City turning its back on 106 years of history with George Galloway win

UNTIL last night the seat of Bradford West had been held by Labour for 106 years apart from a short spell when Edward Lyons defected to the SDP in 1981.

However, the seat has previously gone against political trends – it was one of just two in Labour’s 1997 landslide which swung towards the Conservatives.

This was blamed on the fact that Labour put up a Sikh candidate, Marsha Singh, in a seat with a 38 per cent Muslim population.

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Boundary changes had also made the seat a Tory target, although the party has not won it since 1900 when Sir Ernest Flower beat his Labour opponent by just 51 votes.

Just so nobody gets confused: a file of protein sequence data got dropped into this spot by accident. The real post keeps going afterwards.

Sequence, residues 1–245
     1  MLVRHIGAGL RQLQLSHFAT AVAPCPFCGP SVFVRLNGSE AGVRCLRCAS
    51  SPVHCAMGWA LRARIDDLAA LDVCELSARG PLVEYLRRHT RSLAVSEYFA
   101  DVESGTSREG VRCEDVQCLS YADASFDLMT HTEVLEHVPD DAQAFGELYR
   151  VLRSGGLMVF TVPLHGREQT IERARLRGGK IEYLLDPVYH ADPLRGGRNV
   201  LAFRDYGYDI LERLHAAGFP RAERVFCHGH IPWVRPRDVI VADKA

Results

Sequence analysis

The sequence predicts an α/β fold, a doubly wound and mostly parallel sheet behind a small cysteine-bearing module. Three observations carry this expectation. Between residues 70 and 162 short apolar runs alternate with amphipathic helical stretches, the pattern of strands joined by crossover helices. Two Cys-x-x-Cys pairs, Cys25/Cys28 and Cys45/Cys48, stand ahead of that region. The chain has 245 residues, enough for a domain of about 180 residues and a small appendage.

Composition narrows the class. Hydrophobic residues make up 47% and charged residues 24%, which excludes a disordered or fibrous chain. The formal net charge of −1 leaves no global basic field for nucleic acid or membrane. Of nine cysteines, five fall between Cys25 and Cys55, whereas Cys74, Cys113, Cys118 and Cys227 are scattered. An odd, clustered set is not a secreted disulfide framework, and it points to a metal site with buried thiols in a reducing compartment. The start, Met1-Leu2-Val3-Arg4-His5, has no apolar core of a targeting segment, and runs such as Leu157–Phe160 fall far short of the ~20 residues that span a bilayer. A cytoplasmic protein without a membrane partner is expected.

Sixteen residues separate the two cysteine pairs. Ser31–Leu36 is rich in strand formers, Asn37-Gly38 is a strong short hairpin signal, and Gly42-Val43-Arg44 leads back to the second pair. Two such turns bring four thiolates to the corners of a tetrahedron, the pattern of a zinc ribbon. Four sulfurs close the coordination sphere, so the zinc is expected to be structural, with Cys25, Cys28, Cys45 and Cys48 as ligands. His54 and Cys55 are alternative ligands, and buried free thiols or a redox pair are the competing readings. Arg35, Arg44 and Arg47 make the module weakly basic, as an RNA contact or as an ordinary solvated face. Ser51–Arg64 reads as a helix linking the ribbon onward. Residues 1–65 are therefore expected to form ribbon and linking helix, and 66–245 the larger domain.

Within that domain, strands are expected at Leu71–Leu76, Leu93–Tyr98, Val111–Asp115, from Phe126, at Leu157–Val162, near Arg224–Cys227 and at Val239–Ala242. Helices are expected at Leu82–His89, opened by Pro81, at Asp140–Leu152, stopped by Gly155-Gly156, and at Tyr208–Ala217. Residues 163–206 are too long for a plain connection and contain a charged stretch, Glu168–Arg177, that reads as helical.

Bradford has been the centre of racial tensions, with the BNP targeting the white vote in the city, attempting to stir up hatred against the Muslim population.

But the seat also has a large student population because of Bradford University.

And Labour also believes it was hit by local issues this week, including the failure by the Labour council to redevelop a shopping centre for the past eight years.

Labour was described by some voters as the establishment party, and while Mr Galloway picked up anti-Afghanistan war Muslim votes he also picked up unhappy white voters who thought Labour had abandoned them.

Some of the city’s wards are deemed hotspots of youth unemployment.